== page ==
Simon B. Harry, NBS
Harry

BY EMEKA EJERE

The report by the National Bureau of Statistics (NBS) which put Nigeria’s Gross Domestic Product (GDP) growth in 2021 at 3.4 percent, has sparked controversy, with economists arguing that the said growth could be linked to the base effects of the recession witnessed in 2020.

The GDP report released on Thursday also showed that the economy weakened further in the fourth quarter of 2021, after recording a decline in the third quarter of last year.
Specifically, the report revealed that the quarterly GDP growth fell to 3.98 per cent in Q4 2021, from the 4.03 per cent and 5.01 per cent recorded in Q3 and Q2, respectively.

The annual growth rate of 3.4 per cent is the highest the country has recorded in seven years. The last time the country’s annual GDP growth rate exceeded three per cent was in 2014, when a 6.22 per cent growth was recorded.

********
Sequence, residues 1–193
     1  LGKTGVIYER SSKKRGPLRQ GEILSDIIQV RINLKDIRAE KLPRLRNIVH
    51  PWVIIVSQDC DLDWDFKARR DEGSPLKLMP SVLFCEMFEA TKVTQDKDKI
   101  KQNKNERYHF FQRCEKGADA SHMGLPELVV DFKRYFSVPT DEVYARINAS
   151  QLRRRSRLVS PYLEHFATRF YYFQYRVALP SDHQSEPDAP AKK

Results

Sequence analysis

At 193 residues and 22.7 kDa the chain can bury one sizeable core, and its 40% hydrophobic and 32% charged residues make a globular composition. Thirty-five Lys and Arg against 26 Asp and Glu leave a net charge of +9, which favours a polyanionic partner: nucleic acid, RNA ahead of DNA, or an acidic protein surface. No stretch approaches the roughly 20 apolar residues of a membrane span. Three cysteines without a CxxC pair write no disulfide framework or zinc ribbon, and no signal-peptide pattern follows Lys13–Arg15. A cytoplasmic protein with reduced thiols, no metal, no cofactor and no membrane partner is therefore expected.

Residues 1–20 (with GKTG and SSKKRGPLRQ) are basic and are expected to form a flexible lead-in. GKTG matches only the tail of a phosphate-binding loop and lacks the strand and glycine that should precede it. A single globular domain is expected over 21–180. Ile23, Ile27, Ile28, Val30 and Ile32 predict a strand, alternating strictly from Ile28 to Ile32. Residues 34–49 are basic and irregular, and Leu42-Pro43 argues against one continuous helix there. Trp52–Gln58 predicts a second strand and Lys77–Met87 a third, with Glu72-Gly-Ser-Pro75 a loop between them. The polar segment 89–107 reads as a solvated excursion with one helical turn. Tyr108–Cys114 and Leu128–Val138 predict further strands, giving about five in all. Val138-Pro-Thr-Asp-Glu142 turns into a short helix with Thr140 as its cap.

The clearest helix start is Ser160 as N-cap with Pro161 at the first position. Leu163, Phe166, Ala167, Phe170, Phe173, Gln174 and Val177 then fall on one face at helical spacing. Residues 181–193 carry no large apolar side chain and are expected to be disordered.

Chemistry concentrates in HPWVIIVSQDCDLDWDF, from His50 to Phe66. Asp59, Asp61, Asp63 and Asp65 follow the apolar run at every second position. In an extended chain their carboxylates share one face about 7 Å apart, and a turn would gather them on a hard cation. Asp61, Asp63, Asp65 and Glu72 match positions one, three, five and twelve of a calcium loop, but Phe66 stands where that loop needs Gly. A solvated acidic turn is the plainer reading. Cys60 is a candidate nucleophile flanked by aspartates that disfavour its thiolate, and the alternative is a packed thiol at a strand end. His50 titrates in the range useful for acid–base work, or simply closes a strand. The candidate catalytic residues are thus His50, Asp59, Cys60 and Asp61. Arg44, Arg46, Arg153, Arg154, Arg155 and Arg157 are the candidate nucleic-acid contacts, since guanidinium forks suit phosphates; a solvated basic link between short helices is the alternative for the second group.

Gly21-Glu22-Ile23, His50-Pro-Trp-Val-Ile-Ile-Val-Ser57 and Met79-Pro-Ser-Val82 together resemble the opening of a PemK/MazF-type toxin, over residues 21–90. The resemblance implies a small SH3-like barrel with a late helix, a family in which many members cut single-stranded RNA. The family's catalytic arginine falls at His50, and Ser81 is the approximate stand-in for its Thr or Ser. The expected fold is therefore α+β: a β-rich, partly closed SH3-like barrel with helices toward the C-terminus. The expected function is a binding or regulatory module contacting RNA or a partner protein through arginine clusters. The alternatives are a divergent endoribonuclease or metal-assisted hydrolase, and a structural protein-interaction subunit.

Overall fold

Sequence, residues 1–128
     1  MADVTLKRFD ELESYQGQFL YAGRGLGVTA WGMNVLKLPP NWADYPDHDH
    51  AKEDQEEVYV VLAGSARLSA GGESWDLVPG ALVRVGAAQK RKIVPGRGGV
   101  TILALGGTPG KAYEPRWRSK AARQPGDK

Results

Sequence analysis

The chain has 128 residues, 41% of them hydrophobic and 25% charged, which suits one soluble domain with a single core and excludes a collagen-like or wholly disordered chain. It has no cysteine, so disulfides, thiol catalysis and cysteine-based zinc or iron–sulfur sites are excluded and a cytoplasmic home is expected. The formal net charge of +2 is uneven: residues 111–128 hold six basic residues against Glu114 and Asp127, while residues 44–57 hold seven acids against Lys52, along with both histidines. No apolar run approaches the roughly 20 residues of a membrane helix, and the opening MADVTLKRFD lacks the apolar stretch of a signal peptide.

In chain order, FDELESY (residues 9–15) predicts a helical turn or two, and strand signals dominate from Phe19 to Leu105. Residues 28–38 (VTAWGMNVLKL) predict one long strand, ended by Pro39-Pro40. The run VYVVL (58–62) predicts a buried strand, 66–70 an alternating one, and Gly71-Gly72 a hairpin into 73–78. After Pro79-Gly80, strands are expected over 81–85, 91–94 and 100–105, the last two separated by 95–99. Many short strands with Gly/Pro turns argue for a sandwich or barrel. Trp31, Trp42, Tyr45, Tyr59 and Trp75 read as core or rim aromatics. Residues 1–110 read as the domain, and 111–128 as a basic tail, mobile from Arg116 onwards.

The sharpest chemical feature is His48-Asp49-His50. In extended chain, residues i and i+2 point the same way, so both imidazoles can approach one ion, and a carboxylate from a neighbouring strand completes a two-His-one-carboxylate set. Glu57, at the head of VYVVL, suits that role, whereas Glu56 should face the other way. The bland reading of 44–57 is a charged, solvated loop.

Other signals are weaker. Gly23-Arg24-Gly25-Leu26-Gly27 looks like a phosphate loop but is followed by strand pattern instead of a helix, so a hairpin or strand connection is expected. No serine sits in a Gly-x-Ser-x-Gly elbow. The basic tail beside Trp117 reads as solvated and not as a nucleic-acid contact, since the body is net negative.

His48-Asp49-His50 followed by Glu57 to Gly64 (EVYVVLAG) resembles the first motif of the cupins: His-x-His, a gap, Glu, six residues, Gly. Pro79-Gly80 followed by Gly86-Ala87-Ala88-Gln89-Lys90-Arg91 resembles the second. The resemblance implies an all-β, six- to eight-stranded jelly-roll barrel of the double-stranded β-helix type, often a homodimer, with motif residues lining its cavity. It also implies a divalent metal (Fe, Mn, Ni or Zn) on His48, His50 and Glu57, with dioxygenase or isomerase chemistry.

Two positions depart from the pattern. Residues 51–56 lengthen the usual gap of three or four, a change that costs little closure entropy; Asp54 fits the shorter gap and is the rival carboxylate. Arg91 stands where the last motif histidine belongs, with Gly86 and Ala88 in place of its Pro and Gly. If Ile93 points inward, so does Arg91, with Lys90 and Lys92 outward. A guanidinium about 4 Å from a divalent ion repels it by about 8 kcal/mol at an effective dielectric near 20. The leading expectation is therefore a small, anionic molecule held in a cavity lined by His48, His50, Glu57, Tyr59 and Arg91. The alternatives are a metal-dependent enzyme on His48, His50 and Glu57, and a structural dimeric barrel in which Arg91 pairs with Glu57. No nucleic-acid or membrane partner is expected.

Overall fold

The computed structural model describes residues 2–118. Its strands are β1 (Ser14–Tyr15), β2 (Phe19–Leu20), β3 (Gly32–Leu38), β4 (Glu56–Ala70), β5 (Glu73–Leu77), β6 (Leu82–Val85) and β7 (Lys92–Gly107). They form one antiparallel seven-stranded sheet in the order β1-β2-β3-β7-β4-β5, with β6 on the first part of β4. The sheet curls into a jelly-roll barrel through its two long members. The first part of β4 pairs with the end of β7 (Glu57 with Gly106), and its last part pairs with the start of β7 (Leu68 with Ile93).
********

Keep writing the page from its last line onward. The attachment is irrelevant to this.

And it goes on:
In 2015, annual GDP stood at 2.7 per cent; it contracted to -1.58 per cent in 2016; rebounded slightly to 0.8 per cent in 2017; grew to 1.91 per cent in 2018 and 2.27 per cent in 2019. Due to the impacts of the COVID 19 pandemic, the country’s annual with GDP again contracted to -1.92 per cent 2020.

The World Bank had in the latest edition of its Nigeria Development Update in November raised its 2021 and 2022 economic growth forecasts for Nigeria to 2.7 per cent and 2.8 per cent respectively, saying the economy had experienced a rebound that was faster than expected. In the June 2021 edition of the NDU, the Bretton Wood institution projected a growth rate of 1.8 per cent in 2021 and 2.1 per cent in 2022.